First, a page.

"Looking at the winter heating season this year, it's really a head-scratcher because it is so unclear which way prices are going to go," Mihailovich said.
"We used to have a dip in prices once we made it past Labor Day and the driving season ended, but a drop like this in October is very unusual. I'm sure it's not completely unrelated to the political campaigns because we're coming up on Election Day, but it still leaves things quite unpredictable.
"Oil isn't really a simple supply and demand commodity anymore," said Mihailovich. "Prices are largely being driven by speculators who are reacting to world events and trying to anticipate what the next trend is going to be. They are not bidding prices up based on what it cost them to buy the oil they have, but what it will cost to buy the oil they are going to get in the future."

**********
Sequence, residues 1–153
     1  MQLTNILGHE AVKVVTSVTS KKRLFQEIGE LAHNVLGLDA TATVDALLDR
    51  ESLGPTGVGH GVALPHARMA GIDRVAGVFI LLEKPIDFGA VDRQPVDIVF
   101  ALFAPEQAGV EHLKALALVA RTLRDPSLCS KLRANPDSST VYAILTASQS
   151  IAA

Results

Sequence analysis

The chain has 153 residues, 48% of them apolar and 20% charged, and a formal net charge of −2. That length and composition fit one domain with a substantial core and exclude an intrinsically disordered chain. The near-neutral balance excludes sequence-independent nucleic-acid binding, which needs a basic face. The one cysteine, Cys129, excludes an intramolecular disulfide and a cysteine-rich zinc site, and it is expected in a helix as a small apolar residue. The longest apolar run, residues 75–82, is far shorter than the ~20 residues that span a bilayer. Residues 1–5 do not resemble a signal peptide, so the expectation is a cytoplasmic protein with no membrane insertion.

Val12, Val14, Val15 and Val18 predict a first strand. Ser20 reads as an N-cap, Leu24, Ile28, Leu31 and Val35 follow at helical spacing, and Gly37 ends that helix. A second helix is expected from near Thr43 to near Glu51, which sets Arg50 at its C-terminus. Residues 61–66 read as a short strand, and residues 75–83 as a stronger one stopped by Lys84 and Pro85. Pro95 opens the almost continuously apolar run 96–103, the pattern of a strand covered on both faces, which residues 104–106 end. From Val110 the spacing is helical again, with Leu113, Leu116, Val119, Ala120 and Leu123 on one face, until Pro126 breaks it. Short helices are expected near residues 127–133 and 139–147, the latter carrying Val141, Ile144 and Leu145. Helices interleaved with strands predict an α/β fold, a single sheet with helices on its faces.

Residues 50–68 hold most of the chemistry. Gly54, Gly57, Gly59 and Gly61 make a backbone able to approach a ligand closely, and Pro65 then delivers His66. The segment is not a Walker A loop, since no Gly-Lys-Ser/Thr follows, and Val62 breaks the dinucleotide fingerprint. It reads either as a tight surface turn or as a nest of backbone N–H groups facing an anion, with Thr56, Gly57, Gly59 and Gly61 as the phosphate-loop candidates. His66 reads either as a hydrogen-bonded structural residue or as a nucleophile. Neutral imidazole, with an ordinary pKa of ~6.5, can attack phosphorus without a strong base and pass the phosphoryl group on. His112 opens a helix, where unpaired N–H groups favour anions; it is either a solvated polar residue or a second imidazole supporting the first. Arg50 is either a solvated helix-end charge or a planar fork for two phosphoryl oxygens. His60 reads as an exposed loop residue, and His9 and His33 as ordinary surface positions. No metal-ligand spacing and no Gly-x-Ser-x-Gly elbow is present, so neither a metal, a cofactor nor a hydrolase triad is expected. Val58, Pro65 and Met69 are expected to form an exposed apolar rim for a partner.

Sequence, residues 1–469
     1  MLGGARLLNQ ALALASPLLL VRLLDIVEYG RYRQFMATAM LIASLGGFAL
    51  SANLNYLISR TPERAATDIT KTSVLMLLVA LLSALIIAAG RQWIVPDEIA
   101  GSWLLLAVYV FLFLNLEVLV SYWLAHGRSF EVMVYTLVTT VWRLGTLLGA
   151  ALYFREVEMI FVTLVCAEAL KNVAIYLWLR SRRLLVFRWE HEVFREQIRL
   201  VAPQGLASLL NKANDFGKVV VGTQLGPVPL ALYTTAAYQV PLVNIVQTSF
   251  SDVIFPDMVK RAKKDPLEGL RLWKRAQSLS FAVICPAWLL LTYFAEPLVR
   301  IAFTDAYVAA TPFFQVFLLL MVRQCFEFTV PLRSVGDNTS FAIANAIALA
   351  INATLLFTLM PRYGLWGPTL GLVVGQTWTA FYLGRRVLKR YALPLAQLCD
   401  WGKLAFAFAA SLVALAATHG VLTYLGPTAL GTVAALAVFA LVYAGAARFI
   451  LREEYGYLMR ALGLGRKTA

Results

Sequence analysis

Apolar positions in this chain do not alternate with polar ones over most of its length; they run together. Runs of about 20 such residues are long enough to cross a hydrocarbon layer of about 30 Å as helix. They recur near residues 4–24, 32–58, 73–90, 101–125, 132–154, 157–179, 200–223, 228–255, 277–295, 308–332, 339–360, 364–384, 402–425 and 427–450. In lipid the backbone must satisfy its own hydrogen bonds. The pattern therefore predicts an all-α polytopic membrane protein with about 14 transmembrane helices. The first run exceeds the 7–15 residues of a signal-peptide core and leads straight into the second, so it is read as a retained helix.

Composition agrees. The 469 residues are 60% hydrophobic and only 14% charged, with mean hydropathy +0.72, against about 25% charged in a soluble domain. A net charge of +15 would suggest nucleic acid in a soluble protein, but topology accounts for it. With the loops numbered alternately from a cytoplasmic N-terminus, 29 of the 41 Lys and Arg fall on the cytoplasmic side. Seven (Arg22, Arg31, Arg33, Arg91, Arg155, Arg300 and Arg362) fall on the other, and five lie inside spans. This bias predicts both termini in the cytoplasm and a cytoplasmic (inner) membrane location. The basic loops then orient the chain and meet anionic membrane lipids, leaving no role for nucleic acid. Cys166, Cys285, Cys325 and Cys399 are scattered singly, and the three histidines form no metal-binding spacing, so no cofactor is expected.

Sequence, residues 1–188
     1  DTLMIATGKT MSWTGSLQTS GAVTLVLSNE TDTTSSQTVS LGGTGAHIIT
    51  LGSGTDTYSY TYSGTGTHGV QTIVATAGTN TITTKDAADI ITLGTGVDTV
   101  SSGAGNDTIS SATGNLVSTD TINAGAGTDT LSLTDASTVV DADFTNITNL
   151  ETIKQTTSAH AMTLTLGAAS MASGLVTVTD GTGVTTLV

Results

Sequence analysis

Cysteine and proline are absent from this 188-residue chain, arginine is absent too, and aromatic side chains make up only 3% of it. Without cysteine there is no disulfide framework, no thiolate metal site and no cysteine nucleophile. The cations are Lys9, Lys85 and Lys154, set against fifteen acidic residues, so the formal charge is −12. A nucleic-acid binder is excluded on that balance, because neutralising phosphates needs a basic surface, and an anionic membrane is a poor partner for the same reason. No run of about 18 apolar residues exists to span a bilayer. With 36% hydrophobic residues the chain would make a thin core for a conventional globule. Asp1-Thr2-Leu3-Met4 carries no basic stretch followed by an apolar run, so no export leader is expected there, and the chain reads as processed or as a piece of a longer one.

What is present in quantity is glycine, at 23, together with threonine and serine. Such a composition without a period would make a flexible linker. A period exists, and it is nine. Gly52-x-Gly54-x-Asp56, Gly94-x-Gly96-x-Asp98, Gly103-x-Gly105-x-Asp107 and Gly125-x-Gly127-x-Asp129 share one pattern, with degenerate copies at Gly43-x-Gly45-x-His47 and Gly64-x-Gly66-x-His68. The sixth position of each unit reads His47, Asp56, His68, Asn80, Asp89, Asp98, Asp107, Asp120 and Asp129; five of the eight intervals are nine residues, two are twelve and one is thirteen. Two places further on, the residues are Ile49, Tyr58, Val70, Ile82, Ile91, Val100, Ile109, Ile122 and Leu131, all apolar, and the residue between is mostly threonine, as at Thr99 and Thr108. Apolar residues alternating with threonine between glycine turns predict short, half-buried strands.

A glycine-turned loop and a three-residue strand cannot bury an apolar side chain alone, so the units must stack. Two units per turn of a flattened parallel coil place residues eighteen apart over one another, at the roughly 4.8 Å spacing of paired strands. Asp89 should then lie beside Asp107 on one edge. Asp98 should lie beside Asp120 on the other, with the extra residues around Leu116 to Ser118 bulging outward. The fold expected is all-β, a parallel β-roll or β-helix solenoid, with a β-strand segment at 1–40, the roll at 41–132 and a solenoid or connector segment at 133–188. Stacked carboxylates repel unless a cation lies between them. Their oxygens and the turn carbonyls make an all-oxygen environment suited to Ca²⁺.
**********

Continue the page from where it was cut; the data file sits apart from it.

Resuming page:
Customers who locked in prices during the summer have the advantage of avoiding the wild price fluctuations that have plagued consumers in previous winters. But many decided not to sign up because world oil prices were then near their highest levels in history and it didn't look like such a bargain.
The seasonal dynamic in world markets has made it tougher for local dealers to offer long-term contracts which lock-in prices for an entire season. "We are a strictly cash on delivery company," said Helderberg's Miller of his small, family-run firm. "We don't want to be responsible for managing a customer's family budget. They can do that better for themselves. We just give them the best deal we can whenever they need oil.
"Right now we are at $2.32 a gallon, but that could change any day," Miller added.
SIDEBAR: What people are saying -- Politics, profits prevail